Sunday, May 16, 2010

Sewing Club - Placemats - Class Project

I deleted this and added to it so I am re-posting with a bit more data. If I had known I was going to create this blog yesterday, I would have taken more pictures during the construction process, to explain it better.

[Sorry to "Mags"; I have added your comment to the new post.]

With my new machines I received 'Intro' classes, plus 3 years of one class per month for EACH machine.

This is my first sewing class project. I wasn't too excited about making these placemats, but after I found some inspiring fabric, it was fun!

For four placemats, select 4 high-contrast coordinating fabrics.
For the center (butterflies), 2 yards cotton fabric.
For each of the 3 fabrics used on the side panels, 1/2 yard cotton fabric.

Cut four (4) 14" x 16" pieces of the "center" fabric. (In mine, this is the black with red butterflies.) [Cut the backs to fit after the fleece is fused to back of tops of placemats.]

[I personally will not make quite such wide placemats in the future. You can only get maybe four of these on an ordinary sized table. Very pretty, but not so practical. In using the Double Diamonds they need to be this wide in order to see the pattern.]

Cut three coordinating fabrics for edge panels in 4" x 16" strips (8 each).

Pick the top two fabrics for the diamonds, and fuse together with Seam-a-Seam 2. (In this case, the black with flowers is fused to the red leaves pattern.)

Fold each fused strip down the middle. Press down the center for cutting the diamonds.

Using a 3.5" Double Diamond Ruler(details shown in post below), place the cutting edge on the FOLD of the fused strip!!!!

Using a rotary cutter, slit down the grooves--making SURE the folded side is at the edge of the cutting side of the ruler as shown above!
Do not run into the plastic at the ends; it may ruin your cutting blade in a hurry. (I have to confess, I ran into the end a few times.)
Do NOT cut all the way through to the cut side of the fused fabrics!!! (It would fall apart if you did that.)

After slitting, carefully unfold and press the strip open again.

Pick the side you want to show only a little bit--in this case I chose the black background with little flowers.

Fold the narrow pointed piece carefully to the matching "point" on the piece above.

On just the pointed end where it will meet the matching point, use fabric glue to hold it in place.

After all diamonds are folded and glued in place, steam press firmly.

Next lay the strip over your 3rd strip of coordinating fabric (for these the orange and yellow) making sure the "right" side is "up"!

Stitch down the center through each point of the diamonds as shown in this finished detail.

Then stitch all the way around the 3-layer side panel very close to the edges. (You don't want these stitches to show later.)

Stitch two side panels to each center piece (the butterflies) to form the "top" of the placemat.

Cut the fusible fleece to fit.

Press the fusible fleece in place. (Follow the directions for the fleece you purchased)

Cut the back side fabric (the butterflies) to fit each placemat.

Place the back and front with the "tops" facing each other.

Stitch all the way around, leaving a 5-in. gap on one side of the center piece (butterflies) so you can turn it inside out.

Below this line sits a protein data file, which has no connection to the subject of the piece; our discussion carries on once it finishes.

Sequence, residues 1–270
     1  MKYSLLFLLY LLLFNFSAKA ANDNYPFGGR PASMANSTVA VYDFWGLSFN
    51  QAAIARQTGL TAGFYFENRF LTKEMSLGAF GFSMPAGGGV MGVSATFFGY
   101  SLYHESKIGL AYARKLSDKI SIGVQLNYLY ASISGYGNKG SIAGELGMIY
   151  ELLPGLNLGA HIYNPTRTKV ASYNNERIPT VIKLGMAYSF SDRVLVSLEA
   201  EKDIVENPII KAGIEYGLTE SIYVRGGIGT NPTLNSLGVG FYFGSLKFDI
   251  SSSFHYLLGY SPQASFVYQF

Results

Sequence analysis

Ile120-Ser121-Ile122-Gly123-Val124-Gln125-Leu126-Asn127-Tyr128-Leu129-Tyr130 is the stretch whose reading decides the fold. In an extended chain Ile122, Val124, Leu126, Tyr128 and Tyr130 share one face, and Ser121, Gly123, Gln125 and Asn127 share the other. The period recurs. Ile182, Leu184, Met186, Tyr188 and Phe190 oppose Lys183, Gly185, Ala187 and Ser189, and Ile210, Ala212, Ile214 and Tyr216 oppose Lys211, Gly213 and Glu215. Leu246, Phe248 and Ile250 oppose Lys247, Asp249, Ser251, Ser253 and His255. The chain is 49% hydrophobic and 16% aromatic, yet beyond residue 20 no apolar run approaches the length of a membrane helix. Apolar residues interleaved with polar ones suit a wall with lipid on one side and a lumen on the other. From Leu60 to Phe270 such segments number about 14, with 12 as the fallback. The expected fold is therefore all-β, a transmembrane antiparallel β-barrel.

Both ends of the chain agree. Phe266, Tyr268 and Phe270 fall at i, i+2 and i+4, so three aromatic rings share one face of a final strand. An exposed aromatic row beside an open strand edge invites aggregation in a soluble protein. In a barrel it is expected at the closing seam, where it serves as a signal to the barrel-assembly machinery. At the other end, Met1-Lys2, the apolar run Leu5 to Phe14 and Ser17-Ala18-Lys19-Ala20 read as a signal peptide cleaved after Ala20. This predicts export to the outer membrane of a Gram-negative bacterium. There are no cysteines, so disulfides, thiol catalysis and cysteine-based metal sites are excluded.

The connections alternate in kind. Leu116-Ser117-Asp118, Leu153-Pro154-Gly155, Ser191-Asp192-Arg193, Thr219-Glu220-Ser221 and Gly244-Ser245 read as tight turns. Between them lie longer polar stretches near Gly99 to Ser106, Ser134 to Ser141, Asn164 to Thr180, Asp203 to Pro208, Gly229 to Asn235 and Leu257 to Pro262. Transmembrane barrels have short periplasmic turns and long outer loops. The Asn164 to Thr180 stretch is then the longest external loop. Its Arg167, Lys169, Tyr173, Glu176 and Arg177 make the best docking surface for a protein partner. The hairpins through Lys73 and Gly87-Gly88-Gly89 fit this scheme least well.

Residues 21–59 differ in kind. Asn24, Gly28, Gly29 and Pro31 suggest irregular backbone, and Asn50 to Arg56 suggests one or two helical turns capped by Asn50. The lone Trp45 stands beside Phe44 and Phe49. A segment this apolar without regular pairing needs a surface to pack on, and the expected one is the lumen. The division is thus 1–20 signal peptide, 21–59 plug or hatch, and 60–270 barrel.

Turn; make sure your corners are fully turned; steam press firmly.

I blind-stitched the 5-in. opening before final stitching, but most people did not.

Top stitch all the way around about 3/16" of an inch from the edges (or whatever you think is attractive).

We used an iron-on medium-to-heavy fusible fleece liner, but I didn't think it would stick very well after multiple washing, so I reinforced it with some decorative stitching in the center.

The decorative stitching would look better if I had centered the stitching in the photo as it is on the placemat.

Personally I would be more comfortable with this design if I had used a very narrow quilt-type stitch around every single "raw edge". The raw edges of the two pieces of fabric are fused together, but I don't feel very confident that they will never fray. I am still discussing with myself whether to spend the hours doing edge stitching on all four placemats...

Possible variations are numerous, but I will list a few:

It looks very nice with almost solid batiks in the middle and prints in the side panels. One person did this, and in place of my black-with-flowers fabric used a pale solid--very nice

If you have two very "busy" fabrics beside each other for the center and the side panels, you may want to use a contrasting solid fabric "flange" between them. You could also use the same solid fabric where my black-with-flowers fabric is in the side panels. Cut a strip 1-in. wide and 16-in. long to create a 1/4-in. strip. (I did not need this as my red-leaves has high contrast with the black background of the butterflies.)

For a nice finished look, you could use piping in place of the "flange" and all the around the edges. It would be fiddly turning and flattening the corners.

Our teacher made one version with a fairly dark batik for the center fabric. She used her embroidery machine to made a lovely design in the very center of the placemate after it was complete. (I suspect she was also nailing down that fusible fleece.) The design was perhaps about 4-inches (almost square). It looked very nice, and I wished had her machine for that part.

One person in our class made the center portion much longer and created a table runner.

1 comment:

  1. from Mags

    Very pretty. These would look great on a dark colored table.